To care more about the environment, even if I see serious problems with the trendy, oversimplified, superficial green movement that has emerged in the past year.

To realize that I can recognize and address the problems in the world without carrying them on my shoulders.

To study physics, because it makes me feel more religious than religion ever did.

To watch more anime, because I stopped paying attention around the time Cowboy Bebop and NGE were popular (and I never even finished watching those).

To try and speak at some conferences. At least to consider it.

To bust out my guitar once in awhile, because it's so much fun to be able to just entertain your friends while they sit in a circle, and that kind of thing is the original reason I got interested in the guitar.

To be myself, be confident, and be open.

And to go to more conferences, to see these cool people again!

Boston/NEUC 2009 Highlights!

I leave for Sabrina's house in about three hours and I really, really should be packing for Dragon*con instead of doing this... but I gotta write down everything I can about the conference before it all gets pushed out of my head by my next trip! This will be long, because honestly, almost everything that happened at the conference was a highlight for me.

-Thursday I missed most of the conference because we were waiting on a car, so Val and I hung around her house playing old Sega games and laughing our asses off at stupid shit. It has been WAY TOO LONG since I've just hung out at somebody's house playing old video games. Guitar Hero has nothing on ridiculous pixelated fighting games from the early 90's.

-We also had a failed Walmart adventure in Quincy (pro tip: not every Walmart has a grocery store), but that meant I got to kind of see the area a little. I was pretty amused that Quincy had signs up featuring John and Abigail Adams, but not John Quincy. Also, we saw a sign for "Joseph McCarthy Air Conditioning." Opening a window is for communists.

-On Friday, once we FINALLY got to the hotel after walking 2 miles in the heat (ugh), there was lots of fun stuff to do. I met Chelsea and Emilie in the ATC funshop, and Chelsea told us about Nerd Fighters. The only ATC I made sucked and I didn't trade it, but it was still fun. Then I went to a duct tape funshop and made a duct tape flower thing that looks more like a pinecone, but is still nifty.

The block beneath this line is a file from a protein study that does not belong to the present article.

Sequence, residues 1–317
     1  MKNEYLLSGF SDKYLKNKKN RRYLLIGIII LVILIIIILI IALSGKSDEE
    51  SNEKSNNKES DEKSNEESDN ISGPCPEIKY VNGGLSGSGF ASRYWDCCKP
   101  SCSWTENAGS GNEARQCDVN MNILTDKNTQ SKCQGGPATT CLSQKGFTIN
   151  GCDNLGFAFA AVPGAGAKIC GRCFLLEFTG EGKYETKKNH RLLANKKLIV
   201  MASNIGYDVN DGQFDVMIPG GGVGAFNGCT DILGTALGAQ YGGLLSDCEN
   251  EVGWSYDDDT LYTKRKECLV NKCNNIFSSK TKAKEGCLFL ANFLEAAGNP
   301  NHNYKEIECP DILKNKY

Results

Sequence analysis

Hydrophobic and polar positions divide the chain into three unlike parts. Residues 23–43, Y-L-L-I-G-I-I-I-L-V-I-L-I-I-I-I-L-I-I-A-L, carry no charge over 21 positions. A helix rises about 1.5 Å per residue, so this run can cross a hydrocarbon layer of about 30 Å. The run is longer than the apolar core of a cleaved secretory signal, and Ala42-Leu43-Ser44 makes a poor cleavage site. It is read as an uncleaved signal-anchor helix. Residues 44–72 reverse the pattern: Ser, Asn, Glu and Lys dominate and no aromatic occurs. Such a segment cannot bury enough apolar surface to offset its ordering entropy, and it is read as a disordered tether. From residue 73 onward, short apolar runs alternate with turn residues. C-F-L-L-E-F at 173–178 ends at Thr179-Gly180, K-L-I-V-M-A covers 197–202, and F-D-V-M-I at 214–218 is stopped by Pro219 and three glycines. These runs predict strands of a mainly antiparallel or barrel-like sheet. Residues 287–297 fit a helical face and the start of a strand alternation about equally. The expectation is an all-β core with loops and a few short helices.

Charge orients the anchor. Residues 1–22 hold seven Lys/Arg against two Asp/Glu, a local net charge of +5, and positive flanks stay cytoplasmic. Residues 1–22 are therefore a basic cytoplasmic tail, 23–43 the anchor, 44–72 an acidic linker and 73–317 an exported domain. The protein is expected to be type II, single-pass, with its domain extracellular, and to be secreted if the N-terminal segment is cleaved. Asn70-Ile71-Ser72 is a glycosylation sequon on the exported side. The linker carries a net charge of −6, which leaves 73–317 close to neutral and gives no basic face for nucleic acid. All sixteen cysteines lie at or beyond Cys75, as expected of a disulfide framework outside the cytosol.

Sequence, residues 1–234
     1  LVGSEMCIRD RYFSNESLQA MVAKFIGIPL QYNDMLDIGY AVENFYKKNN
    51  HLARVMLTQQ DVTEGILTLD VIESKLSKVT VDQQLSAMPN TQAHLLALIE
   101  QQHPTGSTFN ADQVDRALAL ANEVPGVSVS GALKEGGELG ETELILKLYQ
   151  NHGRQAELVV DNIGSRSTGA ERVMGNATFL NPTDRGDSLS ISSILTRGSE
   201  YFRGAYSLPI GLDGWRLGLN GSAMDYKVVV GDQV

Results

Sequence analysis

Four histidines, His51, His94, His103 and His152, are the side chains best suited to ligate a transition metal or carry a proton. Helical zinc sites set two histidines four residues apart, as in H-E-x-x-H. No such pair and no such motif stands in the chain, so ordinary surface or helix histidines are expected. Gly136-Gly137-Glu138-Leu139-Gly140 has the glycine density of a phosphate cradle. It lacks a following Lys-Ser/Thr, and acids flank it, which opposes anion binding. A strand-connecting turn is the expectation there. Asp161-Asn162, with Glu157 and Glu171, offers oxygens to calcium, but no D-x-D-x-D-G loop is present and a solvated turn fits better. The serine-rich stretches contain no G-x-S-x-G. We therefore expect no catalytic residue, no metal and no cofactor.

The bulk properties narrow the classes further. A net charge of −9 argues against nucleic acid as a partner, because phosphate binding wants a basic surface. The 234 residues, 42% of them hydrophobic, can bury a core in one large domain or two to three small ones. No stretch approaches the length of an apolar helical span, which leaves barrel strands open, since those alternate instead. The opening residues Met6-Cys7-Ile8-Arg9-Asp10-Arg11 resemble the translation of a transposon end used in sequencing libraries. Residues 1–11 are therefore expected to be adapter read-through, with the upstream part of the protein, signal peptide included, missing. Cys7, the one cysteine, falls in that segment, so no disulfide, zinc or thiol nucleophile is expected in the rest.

-At home I often complain that nobody likes to just sit around and play games anymore. Unschoolers LOVE to sit around and play games. There were constant games of Bananagrams (in which the parent table was about 10 times as loud as the teen/young adult table), several games of BS, and an awesome game of Yahtzee, aka The Game That Makes People Flee in Terror. I think perhaps I'll start carrying dice and a Yahtzee score card in my purse in case I am ever accosted in a dark alley. My attacker will either want to play, or they will run screaming in the other direction.

-I also had fun playing with Heather's son Milo. We were playing Battleship, kind of, except we were using an intricate set of rules that he made up, involving lava, lasers, and "jetpack guys". I have no idea how he kept up with all the rules. They were obviously made up on the fly (and designed, naturally, so that I couldn't win), but they were really clever. He was also way better than me at remembering whose turn it was.

-There were lots and lots of great talks and presentations. My favorites were Michael's GLBT discussion (I'm pretty sure I breathed a sigh of relief when I saw that on the schedule - I've felt inexplicably funny about being out in the unschooling community); Kathryn and Erika's "Even More Different" talk, which I've already mentioned here; Eli and Idzie's "Untraditional Adult Paths" discussion, which left me feeling way more confident about my desire not to work for someone else; and Dayna Martin's "Renegade Parenting" speech, which included a great message about looking for the needs that are causing people's behavior - not just in kids, but in all the people you deal with.

-The media trade was fun; I got Yanni and Enya CDs because I am a damned hippie, plus an Elvis CD for my mom (who thanked me at least six times when I gave it to her), and a DVD of "children's fantasy movies" including The Secret Garden, which is... uh... not fantasy at all, but it is one of my favorite movies. Also, Emilie gave me a Star Trek comic she got, because she could see that I was far more of a pathetic trekkie than she is. I also noticed she picked up the Matchbox 20 CD I traded in - it's pretty cool to see one of your friends benefit from something you might have just thrown away.

-I only saw part of the talent show, but it was fun seeing Brenna sing and play the guitar, and Broc and Ben's Blues Brothers routine was awesome. It was also great seeing how confident some of the kids are: one little girl sang "Going to Kansas City" with all the gusto of an adult, and many kids made up their own skits, told stories, or danced.

-There was also a great Irish band, Fishing with Finnegan, and for one song we all got up and danced and it was awesome. They also sang "Rainbow Connection" and almost made me cry, because that song always almost makes me cry, and I'm not really sure why that is. I get emotional over Muppets, I guess.